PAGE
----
Why The 'Real Housewives' Franchise Needs An LGBTQ+ Housewife
Members of the LGBTQ+ community have long been supporting — and sometimes scene-stealing — characters on Bravo's Real Housewives franchises. So that, of course, begs the question: How is there not an LGBTQ+ Housewife yet? After all, many of the women, like The Real Housewives of Beverly Hills star and longtime LGBTQ+ ally Erika Jayne publicly campaigned for a gay couple to join the series.
"I would love a gay couple on the show," Jayne (real name Erika Girardi) told TooFab in March, adding:
"I'll go on the record to say the first person to put a gay married couple on the show would make me very happy ... However you serve it up, I think that the word [housewives] has evolved so much and has such a different meaning now, why not? Why not put the first gay couple on there? Quite honestly, that would change the dynamic and make it much more interesting and open up the audience to a much bigger place."
While she contends she doesn't know "if anybody's brave enough to do it," her BFF and creative director Mikey Minden, who is a constant fixture on the show, helping the Housewife-turned-pop-star serve up all her fierce looks, would be a natural choice.
"I have seen every city of Housewives ever," Minden told Bravo's The Daily Dish in 2016. "This was a dream come true, that my best friend and creative partner was going to be on my favorite show."
Of course it's no secret that some of the woman exhibit homophobia and transphobia, as thoroughly examined by Mic's Serena Daniari in December 2017. From attempts at outing some of the other women's husbands to fellow cast mates themselves (as has happened far too many times in the Atlanta franchise), some of the ladies have much to learn. And who better to provide a teachable moment than someone from the LGBTQ+ community?
Many of the woman, however, fully embrace their fans and, often times, close friends. Take, for instance, the self-proclaimed "straw that stirs the drink," Sonja Morgan from The Real Housewives of New York City, who, this season, gave viewers a sneak peek at the frequent fabulous "gay parties" she hosts for her longtime friends at her Upper East Side townhouse. "We can just say whatever we want to say and not be judged and be silly and very childlike," she recently said in a video interview with Bravo's The Daily Dish. "What happens at the townhouse, stays at the townhouse. When you're having a gay party, you really want to let your hair down."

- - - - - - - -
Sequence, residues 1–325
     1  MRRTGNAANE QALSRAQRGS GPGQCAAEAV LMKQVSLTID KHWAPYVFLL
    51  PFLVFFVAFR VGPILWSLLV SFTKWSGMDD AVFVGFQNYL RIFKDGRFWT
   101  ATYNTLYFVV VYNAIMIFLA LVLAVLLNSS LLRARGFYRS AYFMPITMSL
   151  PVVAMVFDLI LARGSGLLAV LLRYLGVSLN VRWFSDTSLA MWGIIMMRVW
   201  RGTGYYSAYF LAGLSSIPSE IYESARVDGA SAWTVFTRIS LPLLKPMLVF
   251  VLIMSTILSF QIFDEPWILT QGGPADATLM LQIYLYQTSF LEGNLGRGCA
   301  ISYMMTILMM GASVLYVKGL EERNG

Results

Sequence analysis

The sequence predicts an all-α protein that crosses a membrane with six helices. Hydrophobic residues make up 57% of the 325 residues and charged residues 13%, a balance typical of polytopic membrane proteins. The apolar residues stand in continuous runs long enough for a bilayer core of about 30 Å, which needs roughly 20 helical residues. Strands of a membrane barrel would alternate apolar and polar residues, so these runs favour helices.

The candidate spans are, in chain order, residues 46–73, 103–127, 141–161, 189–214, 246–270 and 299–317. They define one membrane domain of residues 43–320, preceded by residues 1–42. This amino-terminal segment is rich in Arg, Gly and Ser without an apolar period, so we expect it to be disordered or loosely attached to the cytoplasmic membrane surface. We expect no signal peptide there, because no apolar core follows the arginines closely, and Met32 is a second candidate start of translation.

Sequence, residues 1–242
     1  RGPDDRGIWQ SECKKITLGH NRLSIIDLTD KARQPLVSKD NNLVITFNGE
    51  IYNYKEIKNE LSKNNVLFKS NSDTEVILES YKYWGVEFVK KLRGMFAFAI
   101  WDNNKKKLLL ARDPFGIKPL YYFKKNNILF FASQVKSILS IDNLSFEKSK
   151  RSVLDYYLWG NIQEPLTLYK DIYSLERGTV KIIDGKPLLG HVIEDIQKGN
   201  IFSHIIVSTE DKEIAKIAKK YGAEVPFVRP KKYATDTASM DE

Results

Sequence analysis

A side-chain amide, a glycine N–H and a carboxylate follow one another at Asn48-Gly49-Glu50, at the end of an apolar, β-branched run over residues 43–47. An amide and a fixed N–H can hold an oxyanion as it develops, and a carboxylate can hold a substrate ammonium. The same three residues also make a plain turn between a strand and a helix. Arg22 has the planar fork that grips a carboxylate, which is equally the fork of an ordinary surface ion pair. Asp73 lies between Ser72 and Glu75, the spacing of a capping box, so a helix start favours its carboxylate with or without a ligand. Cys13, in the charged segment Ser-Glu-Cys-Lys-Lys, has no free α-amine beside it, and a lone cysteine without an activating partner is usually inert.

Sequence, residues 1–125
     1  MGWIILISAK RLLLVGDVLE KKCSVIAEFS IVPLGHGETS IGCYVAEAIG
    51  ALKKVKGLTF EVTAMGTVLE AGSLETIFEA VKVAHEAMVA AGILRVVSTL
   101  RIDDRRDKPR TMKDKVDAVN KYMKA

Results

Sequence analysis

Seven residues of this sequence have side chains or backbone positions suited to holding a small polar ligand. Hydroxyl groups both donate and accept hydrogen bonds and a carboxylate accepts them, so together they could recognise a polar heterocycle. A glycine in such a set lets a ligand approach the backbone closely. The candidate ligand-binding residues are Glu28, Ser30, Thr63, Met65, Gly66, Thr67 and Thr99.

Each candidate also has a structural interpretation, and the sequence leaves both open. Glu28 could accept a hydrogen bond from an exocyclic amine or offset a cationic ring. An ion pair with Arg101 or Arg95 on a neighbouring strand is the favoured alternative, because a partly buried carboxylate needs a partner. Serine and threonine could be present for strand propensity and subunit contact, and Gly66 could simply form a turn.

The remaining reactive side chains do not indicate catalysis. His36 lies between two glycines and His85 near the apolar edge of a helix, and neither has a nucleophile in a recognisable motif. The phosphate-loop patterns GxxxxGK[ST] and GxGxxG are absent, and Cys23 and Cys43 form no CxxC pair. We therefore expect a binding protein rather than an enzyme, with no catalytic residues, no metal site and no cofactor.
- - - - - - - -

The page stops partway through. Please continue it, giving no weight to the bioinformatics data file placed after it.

Over in the Garden State,The Real Housewives of New Jersey alum Kathy Wakile's fun-loving sister Rosie Pierri, who identifies as a lesbian, warmed hearts with her onscreen search for love and even evoked ugly cries from fans during Season 6, while bravely discussing her coming out story with her niece and nephew. "I went through it all by myself," she told Wakile's children. "God made me this way. That's it." That's the kind of inspiration we want to see more of.
Back in 2011, Real Housewives of Miami star Marysol Patton first introduced us to her close pal, transgender model Lauren Foster, who became the first transgender woman to appear on the franchise regularly. Despite periodic cameos, though, she never got the chance to pen one of the full-time Housewives' iconic intro taglines. “With this new gender revolution, we all have an opportunity to change and let the world see us for who we really are, one step at a time," Foster (pictured below, right, with Patton) has said, according to The Huffington Post. "That is how we effect change. One step. One moment. One kindness at a time."
Fans may remember Logo's Real Housewives-esque 2010-2011 docu-series The A-List: New York, which followed "tangled friendships, rivalries and aspirations" of what the network described as "New York's gay elite plus their families, best girlfriends, and pocket dogs (natch) as they navigate being fabulous in the city." The two-season reality series even shared producers from The Real Housewives of Atlanta.
While an all-gay version was a step in the right direction, it's obvious that Bravolebrities and fans alike would love to see members of the LGBTQ+ community go from sidekicks to leading cast members — and Househusbands, perhaps.